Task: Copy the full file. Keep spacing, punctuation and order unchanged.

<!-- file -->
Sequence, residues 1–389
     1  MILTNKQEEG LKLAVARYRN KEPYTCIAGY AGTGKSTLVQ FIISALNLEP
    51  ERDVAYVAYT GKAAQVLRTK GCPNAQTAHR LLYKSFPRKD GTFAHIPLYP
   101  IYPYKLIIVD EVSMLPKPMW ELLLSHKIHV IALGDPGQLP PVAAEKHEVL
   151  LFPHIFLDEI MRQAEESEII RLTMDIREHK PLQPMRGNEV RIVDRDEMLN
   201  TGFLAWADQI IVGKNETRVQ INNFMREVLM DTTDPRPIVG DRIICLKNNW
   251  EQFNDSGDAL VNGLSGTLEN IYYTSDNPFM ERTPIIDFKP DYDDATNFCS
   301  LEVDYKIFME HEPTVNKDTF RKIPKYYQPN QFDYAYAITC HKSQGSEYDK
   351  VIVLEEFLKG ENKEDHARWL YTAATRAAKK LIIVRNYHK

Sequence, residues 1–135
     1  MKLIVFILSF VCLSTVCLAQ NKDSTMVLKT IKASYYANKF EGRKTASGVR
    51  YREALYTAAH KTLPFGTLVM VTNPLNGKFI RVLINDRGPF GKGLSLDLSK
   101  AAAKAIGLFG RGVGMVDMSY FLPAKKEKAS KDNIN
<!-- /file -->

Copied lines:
Sequence, residues 1–389
     1  MILTNKQEEG LKLAVARYRN KEPYTCIAGY AGTGKSTLVQ FIISALNLEP
    51  ERDVAYVAYT GKAAQVLRTK GCPNAQTAHR LLYKSFPRKD GTFAHIPLYP
   101  IYPYKLIIVD EVSMLPKPMW ELLLSHKIHV IALGDPGQLP PVAAEKHEVL
   151  LFPHIFLDEI MRQAEESEII RLTMDIREHK PLQPMRGNEV RIVDRDEMLN
   201  TGFLAWADQI IVGKNETRVQ INNFMREVLM DTTDPRPIVG DRIICLKNNW
   251  EQFNDSGDAL VNGLSGTLEN IYYTSDNPFM ERTPIIDFKP DYDDATNFCS
   301  LEVDYKIFME HEPTVNKDTF RKIPKYYQPN QFDYAYAITC HKSQGSEYDK
   351  VIVLEEFLKG ENKEDHARWL YTAATRAAKK LIIVRNYHK

Sequence, residues 1–135
     1  MKLIVFILSF VCLSTVCLAQ NKDSTMVLKT IKASYYANKF EGRKTASGVR
    51  YREALYTAAH KTLPFGTLVM VTNPLNGKFI RVLINDRGPF GKGLSLDLSK
   101  AAAKAIGLFG RGVGMVDMSY FLPAKKEKAS KDNIN